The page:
Views on UN effectiveness
Congratulations to Earl Foell for his article ``UN at 40: redesigning a peace machine'' (June 25). He is right to cite the ways in which the UN facilitates world harmony. The bureaucratic and attitudinal reforms he recommends would no doubt increase the UN's effectiveness. But his reforms do not go far enough. The structure of the UN must be changed so that it can really fulfill its original function of preventing war. For almost 40 years, the World Federalist Association has advocated forming an international organization strong enough and representative enough to bring about world disarmament, make binding laws on matters of international concern, adjudicate disputes, and, when necessary, call on a standing peace force (as already called for by the UN Charter). The UN could become that organization if it were not enfeebled by a Security Council veto, a weak and unrepresentative General Assembly, and a nearly powerless World Court.
Although a strengthened UN frightens many, safeguards could be established through fair and democratic voting procedures and rigorous checks and balances such as exist in our own federal government. Scott L. Hoffman, President World Federalist Association of Greater Boston, Boston
The editorial ``United Nations at 40: challenge continues,'' June 25, makes one mention of a key point that warrants more emphasis. It noted that in 1945 one of the Monitor's columnists said that the crux of the UN is ``goodwill, good faith, honest motives,'' etc.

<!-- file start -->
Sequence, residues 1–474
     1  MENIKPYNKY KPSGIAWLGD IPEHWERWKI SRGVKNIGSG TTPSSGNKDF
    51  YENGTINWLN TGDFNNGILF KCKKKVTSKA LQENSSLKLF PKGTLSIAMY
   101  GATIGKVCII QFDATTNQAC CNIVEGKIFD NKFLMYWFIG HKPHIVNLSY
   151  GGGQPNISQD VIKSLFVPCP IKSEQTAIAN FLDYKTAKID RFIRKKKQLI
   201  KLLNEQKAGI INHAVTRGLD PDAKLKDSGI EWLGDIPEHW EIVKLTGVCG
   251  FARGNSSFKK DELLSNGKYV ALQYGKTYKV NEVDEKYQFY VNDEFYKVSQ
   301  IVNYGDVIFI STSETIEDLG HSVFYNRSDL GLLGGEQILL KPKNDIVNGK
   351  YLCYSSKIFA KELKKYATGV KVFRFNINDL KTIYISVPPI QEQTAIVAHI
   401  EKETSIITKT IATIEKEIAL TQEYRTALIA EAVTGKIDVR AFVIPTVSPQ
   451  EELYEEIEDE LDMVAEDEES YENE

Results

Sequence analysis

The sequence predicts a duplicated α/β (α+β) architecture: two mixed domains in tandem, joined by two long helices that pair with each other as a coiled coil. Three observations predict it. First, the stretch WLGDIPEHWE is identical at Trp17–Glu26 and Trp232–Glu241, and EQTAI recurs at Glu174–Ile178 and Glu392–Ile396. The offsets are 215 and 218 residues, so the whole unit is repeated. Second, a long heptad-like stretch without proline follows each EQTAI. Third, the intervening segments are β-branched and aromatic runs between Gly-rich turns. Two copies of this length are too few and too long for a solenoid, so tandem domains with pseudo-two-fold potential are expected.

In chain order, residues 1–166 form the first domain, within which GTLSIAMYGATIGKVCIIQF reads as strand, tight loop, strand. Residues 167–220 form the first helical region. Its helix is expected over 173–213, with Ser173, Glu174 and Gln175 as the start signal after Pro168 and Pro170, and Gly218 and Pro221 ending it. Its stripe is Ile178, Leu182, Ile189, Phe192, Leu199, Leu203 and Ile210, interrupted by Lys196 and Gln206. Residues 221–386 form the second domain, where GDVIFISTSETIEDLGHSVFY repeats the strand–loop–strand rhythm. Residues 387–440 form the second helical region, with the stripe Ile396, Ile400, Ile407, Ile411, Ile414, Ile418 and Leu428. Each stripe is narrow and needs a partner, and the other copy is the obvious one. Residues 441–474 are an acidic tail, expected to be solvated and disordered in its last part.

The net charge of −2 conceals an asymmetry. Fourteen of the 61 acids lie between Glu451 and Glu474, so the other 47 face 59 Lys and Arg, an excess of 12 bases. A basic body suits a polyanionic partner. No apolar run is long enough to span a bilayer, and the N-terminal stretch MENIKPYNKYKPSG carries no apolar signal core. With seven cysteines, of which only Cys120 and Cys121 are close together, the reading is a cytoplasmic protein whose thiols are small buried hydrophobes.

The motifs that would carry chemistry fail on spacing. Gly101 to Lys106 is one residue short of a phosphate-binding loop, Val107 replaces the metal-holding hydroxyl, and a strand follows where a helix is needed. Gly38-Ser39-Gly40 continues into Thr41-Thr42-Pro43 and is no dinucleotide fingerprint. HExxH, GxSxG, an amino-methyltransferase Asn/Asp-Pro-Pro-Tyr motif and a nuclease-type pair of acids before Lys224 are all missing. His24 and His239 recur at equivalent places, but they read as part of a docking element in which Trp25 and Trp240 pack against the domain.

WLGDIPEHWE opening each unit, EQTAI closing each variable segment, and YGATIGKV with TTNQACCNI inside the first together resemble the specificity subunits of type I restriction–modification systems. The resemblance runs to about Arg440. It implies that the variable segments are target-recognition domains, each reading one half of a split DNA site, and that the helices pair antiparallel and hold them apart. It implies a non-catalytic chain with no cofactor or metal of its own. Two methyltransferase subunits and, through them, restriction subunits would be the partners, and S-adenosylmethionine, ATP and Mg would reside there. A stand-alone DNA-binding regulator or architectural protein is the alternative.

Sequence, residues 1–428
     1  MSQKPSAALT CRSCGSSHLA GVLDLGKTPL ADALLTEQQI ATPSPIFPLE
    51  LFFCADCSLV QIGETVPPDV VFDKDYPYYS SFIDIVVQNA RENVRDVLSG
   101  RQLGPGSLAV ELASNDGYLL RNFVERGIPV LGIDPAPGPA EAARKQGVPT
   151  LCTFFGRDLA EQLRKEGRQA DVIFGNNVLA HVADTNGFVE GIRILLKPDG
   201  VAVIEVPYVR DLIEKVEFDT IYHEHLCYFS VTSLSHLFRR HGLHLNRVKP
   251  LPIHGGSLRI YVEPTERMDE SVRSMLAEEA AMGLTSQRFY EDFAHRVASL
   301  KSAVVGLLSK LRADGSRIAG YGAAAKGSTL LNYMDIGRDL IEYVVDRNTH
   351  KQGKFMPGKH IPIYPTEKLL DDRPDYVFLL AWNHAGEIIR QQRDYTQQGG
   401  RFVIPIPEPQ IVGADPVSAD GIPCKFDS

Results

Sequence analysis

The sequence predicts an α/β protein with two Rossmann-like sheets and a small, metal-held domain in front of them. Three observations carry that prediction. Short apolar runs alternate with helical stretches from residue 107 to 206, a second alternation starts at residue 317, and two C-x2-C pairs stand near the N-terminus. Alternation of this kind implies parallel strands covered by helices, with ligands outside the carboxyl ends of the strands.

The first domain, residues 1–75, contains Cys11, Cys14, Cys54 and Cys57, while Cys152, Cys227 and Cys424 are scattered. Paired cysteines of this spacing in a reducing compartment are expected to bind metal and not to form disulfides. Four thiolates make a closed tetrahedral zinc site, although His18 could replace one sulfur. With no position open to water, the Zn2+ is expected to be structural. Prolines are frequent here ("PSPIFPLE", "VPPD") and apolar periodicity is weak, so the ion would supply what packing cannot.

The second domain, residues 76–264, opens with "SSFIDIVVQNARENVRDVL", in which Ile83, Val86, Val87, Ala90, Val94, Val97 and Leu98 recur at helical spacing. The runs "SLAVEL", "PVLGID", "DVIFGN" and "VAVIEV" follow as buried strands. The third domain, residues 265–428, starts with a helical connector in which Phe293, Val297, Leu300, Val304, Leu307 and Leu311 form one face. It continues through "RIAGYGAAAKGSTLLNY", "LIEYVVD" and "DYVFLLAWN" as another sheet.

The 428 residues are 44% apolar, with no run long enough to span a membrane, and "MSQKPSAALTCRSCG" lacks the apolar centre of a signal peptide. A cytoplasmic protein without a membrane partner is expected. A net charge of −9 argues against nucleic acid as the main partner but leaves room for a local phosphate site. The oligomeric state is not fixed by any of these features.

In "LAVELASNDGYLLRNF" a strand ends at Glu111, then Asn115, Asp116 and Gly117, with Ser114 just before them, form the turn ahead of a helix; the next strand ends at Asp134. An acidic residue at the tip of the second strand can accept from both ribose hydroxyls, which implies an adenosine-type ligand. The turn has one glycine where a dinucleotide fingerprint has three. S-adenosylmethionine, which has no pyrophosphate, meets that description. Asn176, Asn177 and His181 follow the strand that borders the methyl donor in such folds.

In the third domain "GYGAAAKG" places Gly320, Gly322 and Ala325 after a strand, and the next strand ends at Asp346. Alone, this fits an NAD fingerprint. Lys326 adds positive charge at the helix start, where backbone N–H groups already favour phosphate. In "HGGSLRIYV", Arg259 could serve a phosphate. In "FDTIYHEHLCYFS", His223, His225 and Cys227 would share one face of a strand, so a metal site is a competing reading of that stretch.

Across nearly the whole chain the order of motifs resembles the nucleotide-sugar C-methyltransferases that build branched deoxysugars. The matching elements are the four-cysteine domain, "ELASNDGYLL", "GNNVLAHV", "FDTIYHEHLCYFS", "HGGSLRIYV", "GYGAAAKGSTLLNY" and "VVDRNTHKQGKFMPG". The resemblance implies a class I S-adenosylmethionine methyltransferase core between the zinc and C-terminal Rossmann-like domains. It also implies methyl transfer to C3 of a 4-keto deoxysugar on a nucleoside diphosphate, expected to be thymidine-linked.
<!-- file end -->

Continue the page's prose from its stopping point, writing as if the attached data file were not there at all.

We are aware of the UN Charter defects of the ``Big Five'' having veto powers and of the lack of enforcing powers for Security Council decrees. The UN will prevent wars only if political leaders of all nations demonstrate ``good faith and honest motives'' by adhering to their commitments as Charter signatories -- refraining from illegal military aggressions and respecting the sovereignty of all nations. Perhaps the US public should insist that our political leaders cease the practice of illegal interventions (Chile, Grenada, Nicaragua, etc.) and then arouse world public opinion to influence the political leaders of other nations to follow suit. John Burton Washington, N.J.
It was a pleasure to read June 10 Zeev Schiff's lucid exposition of the options Israel has to protect its northern border [``Israel's border'']. He clarified the choice between support for the South Lebanon Army and for the Shiites so well that his lack of attention to the obvious third choice stands out even more sharply -- enlarging the area under UNIFIL jurisdiction to include the border area with Israel.
The Israeli government has dismissed this option on the grounds that UNIFIL, a United Nations force, tends to side with the Arabs and, in any case, would be too weak and inefficient to keep guerrillas from approaching Israel's northern border. In UNIFIL's case, both Arab groups and the Israeli Army have prevented the UN force from functioning with full effectiveness.
There is no reason that UN troops would be so prejudiced against Israel's cause that they could not perform their peacekeeping duties in an objective manner if given the chance. Let's give the UN a chance to carry out the duties assigned to it by the world community. William N. Dale US Ambassador (ret.) Chapel Hill, N.C.
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